Kashkari: 'Great hope for our future'
By Prairie Business
EDITOR'S NOTE: On Monday, UND's Eye of the Hawk lecture series will feature a town hall meeting with Neel Kashkari, president of the Minneapolis Federal Reserve.
The event will include brief remarks by Kashkari, followed by an open-mic Q&A with the audience moderated by UND President Mark Kennedy. The event will be held from 5:30 to 6:30 p.m. Monday in the Gorecki Alumni Center on the UND campus; for more information and to register, click on the "News & Events" and "Conversations with the Fed" tabs at minneapolisfed.org.
In recognition of the event, the Herald today presents a Q&A with Kashkari. The Q&A was arranged by Prairie Business magazine, the Herald's business publication, for the magazine's October issue.
Prairie Business: President Kashkari, thank you so much for answering these questions from Prairie Business magazine. Our questions will center on the "workforce shortage" that so many in the Dakotas and western Minnesota say is their No. 1 barrier to growth.
When you spoke to the Sioux Falls (S.D.) Rotary in August, some Rotarians complained about a workforce shortage, and you told them, "If you're not raising wages, then it just sounds like whining. ... Are any of you planning to raise wages in the next year or two? Or are you just complaining that you can't find workers?"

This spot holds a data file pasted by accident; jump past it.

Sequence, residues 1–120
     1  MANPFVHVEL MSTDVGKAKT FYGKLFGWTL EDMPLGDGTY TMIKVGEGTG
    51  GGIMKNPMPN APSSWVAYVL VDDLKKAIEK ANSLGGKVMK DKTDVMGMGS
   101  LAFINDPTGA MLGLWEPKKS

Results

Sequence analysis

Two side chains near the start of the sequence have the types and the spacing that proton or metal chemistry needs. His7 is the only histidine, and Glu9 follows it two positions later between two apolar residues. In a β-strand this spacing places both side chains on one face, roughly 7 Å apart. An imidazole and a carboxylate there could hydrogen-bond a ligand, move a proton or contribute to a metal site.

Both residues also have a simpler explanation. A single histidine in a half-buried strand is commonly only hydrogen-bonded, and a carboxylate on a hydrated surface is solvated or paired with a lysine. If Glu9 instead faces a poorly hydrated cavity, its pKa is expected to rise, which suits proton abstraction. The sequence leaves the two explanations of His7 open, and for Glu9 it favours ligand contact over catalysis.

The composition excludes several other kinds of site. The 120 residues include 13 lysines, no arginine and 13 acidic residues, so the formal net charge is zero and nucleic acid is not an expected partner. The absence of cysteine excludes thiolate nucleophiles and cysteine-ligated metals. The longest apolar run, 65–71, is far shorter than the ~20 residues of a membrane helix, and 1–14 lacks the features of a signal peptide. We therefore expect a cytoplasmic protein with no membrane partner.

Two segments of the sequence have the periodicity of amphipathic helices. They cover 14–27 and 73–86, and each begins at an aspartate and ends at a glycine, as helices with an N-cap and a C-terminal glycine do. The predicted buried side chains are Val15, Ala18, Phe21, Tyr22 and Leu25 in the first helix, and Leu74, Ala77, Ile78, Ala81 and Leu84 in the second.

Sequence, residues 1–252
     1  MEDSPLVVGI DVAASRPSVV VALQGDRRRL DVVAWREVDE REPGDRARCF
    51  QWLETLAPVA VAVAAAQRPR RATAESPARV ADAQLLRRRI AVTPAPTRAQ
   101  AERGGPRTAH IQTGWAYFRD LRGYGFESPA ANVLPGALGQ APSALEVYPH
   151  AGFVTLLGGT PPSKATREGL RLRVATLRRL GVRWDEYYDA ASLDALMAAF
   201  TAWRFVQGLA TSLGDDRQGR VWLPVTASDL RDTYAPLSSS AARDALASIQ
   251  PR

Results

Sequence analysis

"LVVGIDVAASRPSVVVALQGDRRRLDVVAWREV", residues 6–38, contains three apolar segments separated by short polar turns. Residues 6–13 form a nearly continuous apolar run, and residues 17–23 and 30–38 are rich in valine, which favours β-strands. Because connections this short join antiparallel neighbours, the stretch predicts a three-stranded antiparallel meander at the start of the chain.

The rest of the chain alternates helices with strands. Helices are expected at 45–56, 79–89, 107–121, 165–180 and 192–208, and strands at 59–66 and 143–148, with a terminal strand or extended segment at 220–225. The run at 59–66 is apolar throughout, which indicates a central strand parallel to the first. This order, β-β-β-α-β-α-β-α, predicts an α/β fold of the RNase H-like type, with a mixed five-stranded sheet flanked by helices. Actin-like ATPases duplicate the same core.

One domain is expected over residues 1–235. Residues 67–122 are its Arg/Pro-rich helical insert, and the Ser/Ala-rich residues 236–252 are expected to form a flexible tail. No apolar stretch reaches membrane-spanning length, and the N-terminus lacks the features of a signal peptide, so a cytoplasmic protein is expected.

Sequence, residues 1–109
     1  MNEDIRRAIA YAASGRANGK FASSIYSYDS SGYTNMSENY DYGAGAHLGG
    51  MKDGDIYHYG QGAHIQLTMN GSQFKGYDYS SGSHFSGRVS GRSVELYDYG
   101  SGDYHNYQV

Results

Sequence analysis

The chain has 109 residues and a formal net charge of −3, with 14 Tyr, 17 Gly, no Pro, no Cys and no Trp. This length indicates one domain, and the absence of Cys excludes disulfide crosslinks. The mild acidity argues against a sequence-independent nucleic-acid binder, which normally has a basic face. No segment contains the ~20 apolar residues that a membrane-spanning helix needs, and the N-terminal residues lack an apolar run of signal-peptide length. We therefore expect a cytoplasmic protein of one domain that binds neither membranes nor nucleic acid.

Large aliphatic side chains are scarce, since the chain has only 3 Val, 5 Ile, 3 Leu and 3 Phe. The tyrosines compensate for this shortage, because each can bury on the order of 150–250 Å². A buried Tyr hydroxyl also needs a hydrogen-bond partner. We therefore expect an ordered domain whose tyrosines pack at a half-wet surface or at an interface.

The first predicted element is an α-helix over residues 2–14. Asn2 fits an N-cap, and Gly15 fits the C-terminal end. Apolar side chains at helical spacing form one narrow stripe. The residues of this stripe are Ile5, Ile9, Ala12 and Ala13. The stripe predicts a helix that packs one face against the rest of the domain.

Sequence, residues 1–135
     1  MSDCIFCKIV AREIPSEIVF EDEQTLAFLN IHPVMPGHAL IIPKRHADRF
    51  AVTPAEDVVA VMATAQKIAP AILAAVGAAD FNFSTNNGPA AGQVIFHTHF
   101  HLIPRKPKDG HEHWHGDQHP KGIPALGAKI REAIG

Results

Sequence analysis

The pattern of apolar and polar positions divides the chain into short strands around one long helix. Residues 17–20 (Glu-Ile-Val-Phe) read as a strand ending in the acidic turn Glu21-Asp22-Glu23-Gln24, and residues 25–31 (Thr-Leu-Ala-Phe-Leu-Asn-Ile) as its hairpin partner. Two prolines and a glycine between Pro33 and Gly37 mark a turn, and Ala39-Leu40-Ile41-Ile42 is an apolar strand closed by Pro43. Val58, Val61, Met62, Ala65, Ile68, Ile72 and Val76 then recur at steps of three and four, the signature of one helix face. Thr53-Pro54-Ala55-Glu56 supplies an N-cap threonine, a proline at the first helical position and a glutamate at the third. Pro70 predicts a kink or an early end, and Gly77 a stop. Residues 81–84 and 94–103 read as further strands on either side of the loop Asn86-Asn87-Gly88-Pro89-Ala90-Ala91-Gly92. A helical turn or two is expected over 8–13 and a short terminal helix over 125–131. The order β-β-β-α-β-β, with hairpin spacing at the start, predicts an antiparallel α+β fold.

Could you elaborate?
Kashkari: It's basic economics: When a resource (labor, in this case) becomes more scarce, its price (wages) should increase. My point is not to call anyone a whiner, but to suggest that an absence of wage growth may be a signal that the labor market is not as tight as it seems.
One of our mandates at the Federal Reserve is to support maximum employment, so we closely monitor this type of data and take it into consideration when making policy decisions.
Q: You also pointed to western North Dakota's success at drawing workers once the Oil Boom drove up wages there. What lesson should employers learn from the Bakken area's example?
It might be an extreme case study, but the Bakken oil boom has two main lessons. First, in a really tight labor market, you see faster wage growth.
Second, workers will respond to higher wages. During the boom, people were moving to western North Dakota from all over the country to take those high-paying jobs.
Q: The response from many employers in our region almost certainly will be, "We'd like to raise wages, but we can't afford to." Many likely would add, "Our profits are thin as it is." How would you counsel the business owners and CEOs who say they're in that situation?
I hear that said enough that I'm sure it's true for a lot of employers. I'm not in a position to tell anyone how to run their business, and as a policymaker, I have a different focus.
Congress has charged the Federal Reserve with two goals: maximum employment and price stability. We want unemployment to be as low as possible without triggering inflation.